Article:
May also be used at the conclusion of a CSI when there are final actions required following the completion of the investigation
Used primarily by the SRRS to capture all other crisis issues
Any matter not related to a child should be recorded as Family Support. Any other crisis situation where there are no children involved should be recorded as Other Crisis Issue.
What do we have to record?
If there is insufficient information recorded in an Interaction on Assist, it is nearly impossible for someone to locate it again and important information can be lost. This can include situations where there is little or no context and/or no identifying client information.
There are some circumstances where there is no organisational value in recording an Interaction. Use your professional judgement in determining these. Records should be purposeful and contain enough information about the situation and client that they can be easily recalled later.
You are not required to record every phone call that you receive; telephone logs are used for this purpose.
Examples where you may not be required to record an Interaction include:
request for bed count (by a service provider with no client identifying details)
internal transfers within districts, e.g. within SRRS
incorrect calls to the service
callers wishing to provide charitable donations
callers enquiring about employment opportunities
callers where no identifying information is provided or the caller refuses to provide information
warm transfers to other services where no client information is provided
request for taxi transport by lone adult (when not a victim of FDV) and where the request is denied.
request for information about external service providers, and/or
adult callers (repeat callers) where no child is identified, and no child protection concerns are identified.
In most instances, concerns for children in the CEO's care should be sent straight to the child protection worker (CPW) and/or the district managing the open case. This is not the usual process in the Mandatory Reporting Service (MRS) and/or afterhours in the SRRS (CCU).
Statewide Referral and Response Service - Mandatory Reporting Service
Where concerns are received for children in the CEO's care in SRRS (MRS) and it is business hours, consult with the CPW. The CPW may already be aware of the concerns. If they are not, they may have additional information and knowledge about the child that can help inform your assessment. In consultation with the CPW, and depending on the concerns, it may be appropriate to complete a new Intake or to add sexual abuse concerns to an existing CSI. If a decision is made to complete a new Intake, the district who received the concern first is responsible for completing the Assist work.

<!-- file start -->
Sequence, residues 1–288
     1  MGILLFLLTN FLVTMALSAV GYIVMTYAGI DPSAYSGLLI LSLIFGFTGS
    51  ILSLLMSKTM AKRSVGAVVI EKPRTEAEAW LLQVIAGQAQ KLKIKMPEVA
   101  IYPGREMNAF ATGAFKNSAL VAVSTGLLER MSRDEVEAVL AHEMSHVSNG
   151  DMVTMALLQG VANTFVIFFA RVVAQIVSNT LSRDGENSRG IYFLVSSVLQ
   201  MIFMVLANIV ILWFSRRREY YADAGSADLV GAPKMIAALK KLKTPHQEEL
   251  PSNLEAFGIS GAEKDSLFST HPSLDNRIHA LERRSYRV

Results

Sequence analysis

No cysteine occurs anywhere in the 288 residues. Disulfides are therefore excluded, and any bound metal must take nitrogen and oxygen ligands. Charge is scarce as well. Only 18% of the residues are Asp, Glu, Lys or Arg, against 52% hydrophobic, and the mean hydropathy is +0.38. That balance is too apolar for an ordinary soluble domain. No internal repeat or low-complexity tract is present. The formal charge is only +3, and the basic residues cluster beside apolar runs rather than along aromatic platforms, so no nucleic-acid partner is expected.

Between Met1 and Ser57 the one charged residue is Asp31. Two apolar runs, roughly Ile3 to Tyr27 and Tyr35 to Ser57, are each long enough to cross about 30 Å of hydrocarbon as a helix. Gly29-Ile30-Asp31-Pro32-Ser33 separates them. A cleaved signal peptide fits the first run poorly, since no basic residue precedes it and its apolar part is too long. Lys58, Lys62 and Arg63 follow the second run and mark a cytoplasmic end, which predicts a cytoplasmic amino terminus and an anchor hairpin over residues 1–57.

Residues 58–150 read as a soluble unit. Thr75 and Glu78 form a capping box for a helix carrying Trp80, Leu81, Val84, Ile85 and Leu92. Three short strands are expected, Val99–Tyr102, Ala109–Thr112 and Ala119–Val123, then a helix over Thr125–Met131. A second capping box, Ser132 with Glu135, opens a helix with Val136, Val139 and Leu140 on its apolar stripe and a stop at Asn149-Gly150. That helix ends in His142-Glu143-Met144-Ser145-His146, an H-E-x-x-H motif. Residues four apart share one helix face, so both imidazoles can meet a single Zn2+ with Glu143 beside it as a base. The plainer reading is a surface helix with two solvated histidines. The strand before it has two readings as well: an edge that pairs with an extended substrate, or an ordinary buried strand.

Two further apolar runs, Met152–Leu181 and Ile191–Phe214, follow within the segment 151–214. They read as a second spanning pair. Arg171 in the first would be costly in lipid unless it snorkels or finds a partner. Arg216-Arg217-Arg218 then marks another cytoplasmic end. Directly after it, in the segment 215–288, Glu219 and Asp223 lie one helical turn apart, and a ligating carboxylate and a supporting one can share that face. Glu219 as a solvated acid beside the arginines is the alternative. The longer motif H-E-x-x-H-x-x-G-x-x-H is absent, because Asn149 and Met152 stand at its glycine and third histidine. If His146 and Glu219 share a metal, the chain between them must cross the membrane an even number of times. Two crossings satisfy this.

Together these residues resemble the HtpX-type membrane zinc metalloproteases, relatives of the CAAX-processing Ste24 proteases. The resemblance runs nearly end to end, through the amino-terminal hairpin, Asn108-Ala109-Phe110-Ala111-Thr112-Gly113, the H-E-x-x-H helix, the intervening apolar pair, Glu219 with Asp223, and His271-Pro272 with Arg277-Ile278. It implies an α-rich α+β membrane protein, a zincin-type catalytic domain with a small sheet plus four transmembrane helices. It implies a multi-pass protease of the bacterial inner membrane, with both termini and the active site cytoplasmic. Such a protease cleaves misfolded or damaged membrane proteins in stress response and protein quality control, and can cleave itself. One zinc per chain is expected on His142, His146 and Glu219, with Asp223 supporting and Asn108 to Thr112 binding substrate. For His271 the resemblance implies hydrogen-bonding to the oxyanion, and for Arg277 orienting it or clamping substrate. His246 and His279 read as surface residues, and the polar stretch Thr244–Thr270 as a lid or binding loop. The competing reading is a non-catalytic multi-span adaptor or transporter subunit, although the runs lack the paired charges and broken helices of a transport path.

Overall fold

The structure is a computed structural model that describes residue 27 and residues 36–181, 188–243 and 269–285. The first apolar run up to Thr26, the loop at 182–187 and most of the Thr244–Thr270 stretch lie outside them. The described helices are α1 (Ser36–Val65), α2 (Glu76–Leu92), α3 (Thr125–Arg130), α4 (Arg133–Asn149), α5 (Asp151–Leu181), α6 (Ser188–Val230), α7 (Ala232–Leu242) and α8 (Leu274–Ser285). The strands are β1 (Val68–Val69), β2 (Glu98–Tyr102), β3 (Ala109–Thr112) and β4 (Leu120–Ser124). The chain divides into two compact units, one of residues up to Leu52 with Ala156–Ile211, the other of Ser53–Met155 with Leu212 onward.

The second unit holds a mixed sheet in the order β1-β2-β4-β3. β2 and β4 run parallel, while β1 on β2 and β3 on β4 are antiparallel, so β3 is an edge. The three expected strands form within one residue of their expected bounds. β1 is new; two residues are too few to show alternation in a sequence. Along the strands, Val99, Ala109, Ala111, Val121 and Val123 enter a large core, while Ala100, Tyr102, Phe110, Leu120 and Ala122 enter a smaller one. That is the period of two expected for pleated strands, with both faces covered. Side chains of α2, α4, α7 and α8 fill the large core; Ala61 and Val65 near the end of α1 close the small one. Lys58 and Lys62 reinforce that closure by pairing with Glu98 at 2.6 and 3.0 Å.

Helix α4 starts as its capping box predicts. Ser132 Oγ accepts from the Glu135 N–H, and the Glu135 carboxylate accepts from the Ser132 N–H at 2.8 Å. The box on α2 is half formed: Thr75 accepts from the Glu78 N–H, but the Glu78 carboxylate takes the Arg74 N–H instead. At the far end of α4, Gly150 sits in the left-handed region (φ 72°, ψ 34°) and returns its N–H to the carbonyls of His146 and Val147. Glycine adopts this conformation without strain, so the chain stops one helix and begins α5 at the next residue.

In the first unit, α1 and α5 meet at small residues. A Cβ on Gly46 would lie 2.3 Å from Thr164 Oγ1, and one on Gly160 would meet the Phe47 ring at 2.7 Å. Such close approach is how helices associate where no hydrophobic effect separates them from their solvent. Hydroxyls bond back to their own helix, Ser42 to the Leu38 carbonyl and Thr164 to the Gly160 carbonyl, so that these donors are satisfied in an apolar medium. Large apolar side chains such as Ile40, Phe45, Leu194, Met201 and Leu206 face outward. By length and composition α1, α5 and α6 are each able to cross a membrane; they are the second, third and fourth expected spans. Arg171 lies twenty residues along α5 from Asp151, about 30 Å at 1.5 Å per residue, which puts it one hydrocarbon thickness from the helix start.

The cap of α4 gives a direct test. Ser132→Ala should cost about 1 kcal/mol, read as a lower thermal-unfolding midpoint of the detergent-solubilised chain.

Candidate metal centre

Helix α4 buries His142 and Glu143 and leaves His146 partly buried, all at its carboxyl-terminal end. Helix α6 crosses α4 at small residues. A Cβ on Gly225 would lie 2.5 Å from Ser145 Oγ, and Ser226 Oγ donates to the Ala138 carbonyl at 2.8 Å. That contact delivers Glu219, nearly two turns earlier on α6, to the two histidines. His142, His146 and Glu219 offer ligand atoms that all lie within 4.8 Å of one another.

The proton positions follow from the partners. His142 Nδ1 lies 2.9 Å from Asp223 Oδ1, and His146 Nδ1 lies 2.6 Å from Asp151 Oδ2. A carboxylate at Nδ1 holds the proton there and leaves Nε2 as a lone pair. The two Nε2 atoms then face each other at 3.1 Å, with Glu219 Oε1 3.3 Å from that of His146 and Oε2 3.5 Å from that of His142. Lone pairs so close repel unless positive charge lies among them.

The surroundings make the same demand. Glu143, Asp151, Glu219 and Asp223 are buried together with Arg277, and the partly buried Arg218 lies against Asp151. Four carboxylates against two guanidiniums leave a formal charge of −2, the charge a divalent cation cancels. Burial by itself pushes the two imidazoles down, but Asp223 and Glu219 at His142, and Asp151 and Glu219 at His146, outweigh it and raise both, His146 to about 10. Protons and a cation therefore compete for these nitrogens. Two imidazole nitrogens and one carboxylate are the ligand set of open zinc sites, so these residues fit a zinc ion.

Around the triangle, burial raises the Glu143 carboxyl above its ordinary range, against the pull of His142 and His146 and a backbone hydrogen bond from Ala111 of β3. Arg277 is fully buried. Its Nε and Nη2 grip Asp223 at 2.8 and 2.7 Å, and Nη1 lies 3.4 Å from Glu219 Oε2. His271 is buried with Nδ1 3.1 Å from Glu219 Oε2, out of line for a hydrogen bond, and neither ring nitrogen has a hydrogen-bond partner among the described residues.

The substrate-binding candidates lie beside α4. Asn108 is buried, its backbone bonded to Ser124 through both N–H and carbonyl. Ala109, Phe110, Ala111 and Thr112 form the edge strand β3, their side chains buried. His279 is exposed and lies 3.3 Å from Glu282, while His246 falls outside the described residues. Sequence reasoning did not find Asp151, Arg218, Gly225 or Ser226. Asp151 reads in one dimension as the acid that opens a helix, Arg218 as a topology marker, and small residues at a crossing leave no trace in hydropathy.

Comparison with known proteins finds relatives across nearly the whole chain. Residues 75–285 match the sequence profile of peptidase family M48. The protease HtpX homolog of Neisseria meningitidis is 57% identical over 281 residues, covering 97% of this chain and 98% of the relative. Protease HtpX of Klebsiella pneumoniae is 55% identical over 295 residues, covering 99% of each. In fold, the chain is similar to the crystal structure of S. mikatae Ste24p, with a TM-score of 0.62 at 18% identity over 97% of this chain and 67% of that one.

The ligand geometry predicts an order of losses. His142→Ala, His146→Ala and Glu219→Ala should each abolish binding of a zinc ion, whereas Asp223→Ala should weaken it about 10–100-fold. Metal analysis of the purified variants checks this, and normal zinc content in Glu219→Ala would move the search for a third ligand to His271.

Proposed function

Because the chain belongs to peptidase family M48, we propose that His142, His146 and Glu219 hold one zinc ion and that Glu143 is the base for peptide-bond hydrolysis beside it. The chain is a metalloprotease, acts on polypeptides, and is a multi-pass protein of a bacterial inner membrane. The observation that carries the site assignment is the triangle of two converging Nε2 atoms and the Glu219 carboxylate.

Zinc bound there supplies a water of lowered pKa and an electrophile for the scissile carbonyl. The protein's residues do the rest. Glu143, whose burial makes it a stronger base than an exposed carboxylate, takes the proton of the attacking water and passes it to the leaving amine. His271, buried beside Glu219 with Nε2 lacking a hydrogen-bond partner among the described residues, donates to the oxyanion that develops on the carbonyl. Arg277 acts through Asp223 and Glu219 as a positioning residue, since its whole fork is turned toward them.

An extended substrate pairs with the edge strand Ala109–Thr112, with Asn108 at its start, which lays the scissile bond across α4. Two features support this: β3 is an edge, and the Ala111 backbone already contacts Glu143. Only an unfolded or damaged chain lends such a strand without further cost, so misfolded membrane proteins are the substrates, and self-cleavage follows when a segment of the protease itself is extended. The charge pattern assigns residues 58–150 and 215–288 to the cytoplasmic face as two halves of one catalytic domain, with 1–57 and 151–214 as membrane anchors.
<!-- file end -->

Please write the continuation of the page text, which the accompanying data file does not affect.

Statewide Referral and Response Service -
Crisis Care Unit
Where SRRS (CCU) receives concerns for a child in the CEO's care afterhours, the priority is to ensure the child's immediate safety and wellbeing. Children already in the CEO's care are particularly vulnerable and the Department holds responsibility for their care and wellbeing. Consider what actions and responses are required to meet their additional needs.
The Interaction Tool must be used to assess the nature and severity of the risk reported for a child in the CEO's care and to help you to determine if an Intake should be completed. When an Intake is completed for a child in the CEO's care, a Duty of Care notification will be generated.
See Chapter 2.1.4 Responding to concerns for children in care – overview, for further information.
When you complete the Interaction Tool include it into the Interaction on Assist following the standard process. If you determine there is no further role for the Department related to the concern raised in the referral, email a reference of the Interaction to the CPW managing the case.
This provides transparency and ensures the CPW is aware of all relevant issues for the child, including what decisions have been made or actions taken by other workers. If there is a lot of missing information and you are unsure how to proceed, consult with the TL to determine if it is appropriate to leave the Interaction open to consult with the CPW.
You may receive a request from the Department of Justice - Corrective Services (Corrective Services) for a prisoner who has restricted visitation if that person wishes to have contact with children in their family. Prisoners are likely to have their visits restricted in circumstances where their offences are in relation to abuse of a child or an offence that included serious violence.
These assessments may be completed at Interaction if there is extensive information already on Assist, or at Initial Inquiry if more information is required to complete your assessment.
As part of your assessment, you will be requested to make a recommendation to support or not to support the prisoner's application for the child visit. Corrective Services will make the final decision. Your assessment should consider the prisoners release date, the likely need to develop a safety plan for the child to visit their parent/relative in prison as well as on release, if no such safety plan exists and how well prepared the caregiver feels to ensure there is enough safety for the child to visit their parent/relative in prison.